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ExhibitionFreedom

Slavery was never benevolent or kind. Despite the realm of opportunities provided a slave, she or he always desired freedom and liberty.

Because of their status on the plantation, some slaves were awarded extra privileges. These privileges may have included the ability to earn income from selling leftover foodstuffs or their own crops in the marketplace; the opportunity to wear fine clothes; and, permission to travel outside the plantation. Despite these advantages, slaves, no matter how revered or “well-treated,” still longed for freedom. Holidays, with relaxed work schedules and absent slaveholders, along with festive events provided opportunities for escape.

  • White man and woman and two girls sit by a table, with an African American woman in the background.

    George Washington and Family, Thomas Prichard Rossiter, ca. 1858–1860

    Courtesy of the Mount Vernon Ladies’ Association

    Circumventing freedom

    During the presidency, the Washingtons repeatedly rotated, albeit illegally, enslaved Africans between their official household in Philadelphia and their Mount Vernon plantation. This circumvented the Gradual Abolition Act, which allowed slaves remaining in Pennsylvania for more than six months to gain their freedom. Rotating them reset the point when the clock on their residency began.

  • African American man wearing all white, including a white cylindrical cook's hat.

    Portrait possibly of Hercules, attributed to Gilbert Stuart, ca. 1795–1797

    Courtesy Museo Thyssen-Bornemisza/Scala/Art Resource, NY

    From enslaved chef to freedman

    Ever aware that he was in bondage, Hercules, considered George Washington’s favorite “capital cook,” longed for freedom. On February 22, 1797, Washington’s 65th birthday, Hercules escaped and was never heard of again.

  • Metal flip out razer attached to brown handle.

    Shaving razor, 1800–1830

    Courtesy of the Mount Vernon Ladies’ Association

    Cultured and prosperous but still a slave

    Like many enslaved house servants, Hercules, a cook for George Washington, sought respectability and integrity by practicing the finest in decorum, proper work habits, and attention to detail, including his personal grooming.

  • Metal slightly conical skillet that rests on three legs, the skill has a long thin handle.

    Grease skillet, ca. 18th century

    Courtesy of the Mount Vernon Ladies’ Association

    Withstanding the heat of the hearth

    Described as “highly accomplished…proficient in the culinary art as could be found in the United States,” Hercules had the role of overseeing Washington’s kitchens. He would have mastered hearth cooking, knowing the proper amount of oil and lard to fry foods, and how to wield long handled skillets to deftly maneuver hot pans while roasting meats.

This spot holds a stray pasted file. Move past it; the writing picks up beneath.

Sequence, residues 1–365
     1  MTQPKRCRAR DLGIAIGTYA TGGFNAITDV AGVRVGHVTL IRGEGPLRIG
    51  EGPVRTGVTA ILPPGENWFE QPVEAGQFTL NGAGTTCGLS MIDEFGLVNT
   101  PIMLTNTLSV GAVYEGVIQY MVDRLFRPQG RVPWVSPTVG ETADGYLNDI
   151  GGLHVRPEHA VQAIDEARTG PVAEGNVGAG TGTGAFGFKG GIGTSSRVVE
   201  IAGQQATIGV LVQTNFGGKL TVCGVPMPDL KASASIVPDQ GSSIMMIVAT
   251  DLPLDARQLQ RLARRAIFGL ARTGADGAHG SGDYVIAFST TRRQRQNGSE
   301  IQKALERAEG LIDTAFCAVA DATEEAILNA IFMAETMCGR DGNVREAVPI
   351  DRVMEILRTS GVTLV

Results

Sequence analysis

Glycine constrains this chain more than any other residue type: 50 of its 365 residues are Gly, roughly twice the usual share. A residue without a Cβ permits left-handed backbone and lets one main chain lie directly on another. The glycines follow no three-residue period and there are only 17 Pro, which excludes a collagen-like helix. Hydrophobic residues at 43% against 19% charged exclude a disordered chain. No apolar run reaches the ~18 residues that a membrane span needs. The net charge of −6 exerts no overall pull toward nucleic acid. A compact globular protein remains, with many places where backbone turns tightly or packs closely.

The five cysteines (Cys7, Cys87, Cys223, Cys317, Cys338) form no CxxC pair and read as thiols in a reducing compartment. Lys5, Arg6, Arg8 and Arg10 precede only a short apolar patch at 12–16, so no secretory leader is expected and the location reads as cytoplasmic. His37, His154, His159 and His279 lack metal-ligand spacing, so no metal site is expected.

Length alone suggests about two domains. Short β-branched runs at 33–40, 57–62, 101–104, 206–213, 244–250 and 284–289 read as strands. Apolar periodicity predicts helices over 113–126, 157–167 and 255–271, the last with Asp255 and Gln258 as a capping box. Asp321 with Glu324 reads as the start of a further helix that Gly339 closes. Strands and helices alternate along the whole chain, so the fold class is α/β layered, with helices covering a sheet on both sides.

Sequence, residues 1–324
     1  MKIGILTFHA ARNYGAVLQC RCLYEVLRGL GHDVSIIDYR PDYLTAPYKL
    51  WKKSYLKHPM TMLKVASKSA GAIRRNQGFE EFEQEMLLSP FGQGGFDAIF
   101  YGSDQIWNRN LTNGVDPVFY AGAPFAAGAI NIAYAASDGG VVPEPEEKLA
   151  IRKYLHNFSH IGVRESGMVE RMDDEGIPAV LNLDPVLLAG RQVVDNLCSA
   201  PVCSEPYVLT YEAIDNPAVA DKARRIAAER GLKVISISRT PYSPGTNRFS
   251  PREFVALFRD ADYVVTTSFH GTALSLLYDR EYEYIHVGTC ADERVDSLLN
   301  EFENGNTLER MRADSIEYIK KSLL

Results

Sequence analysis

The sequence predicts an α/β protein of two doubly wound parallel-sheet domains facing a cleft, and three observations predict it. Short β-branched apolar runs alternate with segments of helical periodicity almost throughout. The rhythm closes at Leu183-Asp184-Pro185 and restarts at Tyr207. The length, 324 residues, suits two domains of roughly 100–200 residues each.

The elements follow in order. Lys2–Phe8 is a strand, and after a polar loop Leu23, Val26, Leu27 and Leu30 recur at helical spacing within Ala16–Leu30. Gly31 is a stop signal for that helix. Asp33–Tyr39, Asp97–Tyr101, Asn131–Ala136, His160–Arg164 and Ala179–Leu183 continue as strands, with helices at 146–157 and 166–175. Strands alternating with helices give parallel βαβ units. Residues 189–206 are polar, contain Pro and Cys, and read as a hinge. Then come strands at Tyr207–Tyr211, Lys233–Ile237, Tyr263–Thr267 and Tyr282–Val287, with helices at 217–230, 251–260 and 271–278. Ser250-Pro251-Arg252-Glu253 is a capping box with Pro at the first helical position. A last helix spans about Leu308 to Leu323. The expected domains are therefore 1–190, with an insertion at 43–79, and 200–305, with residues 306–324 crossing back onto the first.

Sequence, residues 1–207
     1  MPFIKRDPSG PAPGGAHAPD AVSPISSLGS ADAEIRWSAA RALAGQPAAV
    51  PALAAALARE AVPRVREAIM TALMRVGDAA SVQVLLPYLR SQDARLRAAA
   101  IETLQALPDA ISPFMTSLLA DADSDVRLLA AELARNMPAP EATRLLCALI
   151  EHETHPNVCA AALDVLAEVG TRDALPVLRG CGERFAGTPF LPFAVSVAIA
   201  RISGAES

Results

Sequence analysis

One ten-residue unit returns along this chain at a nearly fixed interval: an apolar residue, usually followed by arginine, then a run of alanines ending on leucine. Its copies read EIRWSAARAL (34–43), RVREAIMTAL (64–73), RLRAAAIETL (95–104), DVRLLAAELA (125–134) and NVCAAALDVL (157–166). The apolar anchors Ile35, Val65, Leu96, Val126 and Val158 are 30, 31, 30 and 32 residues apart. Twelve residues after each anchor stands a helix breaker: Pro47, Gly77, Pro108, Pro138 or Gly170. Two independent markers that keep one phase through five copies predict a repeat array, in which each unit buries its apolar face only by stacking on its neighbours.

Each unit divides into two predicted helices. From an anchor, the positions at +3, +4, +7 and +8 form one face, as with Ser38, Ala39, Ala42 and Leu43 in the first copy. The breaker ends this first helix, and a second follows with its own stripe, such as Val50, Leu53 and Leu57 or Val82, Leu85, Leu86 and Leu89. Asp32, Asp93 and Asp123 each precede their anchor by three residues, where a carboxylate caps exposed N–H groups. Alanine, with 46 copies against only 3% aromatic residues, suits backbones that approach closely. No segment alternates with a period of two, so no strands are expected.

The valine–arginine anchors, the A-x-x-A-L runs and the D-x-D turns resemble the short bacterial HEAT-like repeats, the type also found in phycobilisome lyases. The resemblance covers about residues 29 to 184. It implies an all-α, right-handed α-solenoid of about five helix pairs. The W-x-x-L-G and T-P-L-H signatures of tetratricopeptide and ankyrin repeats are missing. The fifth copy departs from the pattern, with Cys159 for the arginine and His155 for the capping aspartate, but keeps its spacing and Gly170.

• Cylindrical metal canister with a tapered top.

    Canister, ca. 18th century

    Courtesy National Library of Medicine

    Guarded food

    Hercules, one of several enslaved cooks, had the role of overseeing George Washington’s kitchens. He would have used canisters to contain flour, rice, corn meal, and other dry goods to keep out insects and vermin. Foods were closely guarded and carefully rationed.

  • Text in a newspaper.

    Runaway advertisement for Oney Judge, Philadelphia Gazette, May 24, 1796

    Courtesy Historical Society of Pennsylvania

    Using food to escape power

    Some slaves took advantage of mealtimes and festive events to provide a distraction in order to “abscond.” According to an 1845 interview, Oney Judge, Martha Washington’s personal servant, left Washington’s house while they were eating dinner.

  • White bowl with top sitting in a slightly upwardly curved circular tray.

    Sugar bowl with top, ca. 1778

    Courtesy of the Mount Vernon Ladies’ Association

    Sweetness and power

    Large meals featured desserts of fruits, nuts, and sweet wines. Such “sweetness and power” often belied the tensions that existed in the dining room. “Invisible” servants, while tending to the comforts of the plantation family, often thought about how they might obtain their freedom.

  • White bowl with top sitting in a slightly upwardly curved circular tray.

    Tea bowl and saucer, 1779–1782

    Courtesy of the Mount Vernon Ladies’ Association

    With power comes leisure

    While the Washingtons enjoyed a light repast of bread and leftover meat known as “tea,” the slaves’ day continued. They could not eat until the dining room table had been cleared and cleaned, and tea brewed; wood chopped for the next day; dough kneaded and hoecake batter prepared for breakfast the next morning.

  • Open book showing typewritten text.

    A Treatise on Tobacco, Tea, Coffee, and Chocolate. ..., Simon Paulli, translated by Robert James, 1746

    Courtesy National Library of Medicine

    Taking tea, Tasting freedom

    Some slaves earned money to purchase teacups and a teapot or kettle. The social elite viewed taking tea as a necessary social performance. While the Washingtons enjoyed this leisurely ritual, enslaved cooks continued to serve them tea, even as they dreamed of freedom.

  • Open book showing typewritten text.

    Washington’s Rules of Civility and Decent Behavior in Company and Conversation, ... , J. M. Toner, 1888

    Courtesy National Library of Medicine

    Serving their way to freedom

    Reportedly, George Washington followed rules of civility and decent behavior at his dinner table and in life.

    Male and female house servants studied the comfort and welfare of the Washingtons as much to serve as to avoid punishment. They also needed to be aware should an opportunity arise to take their freedom.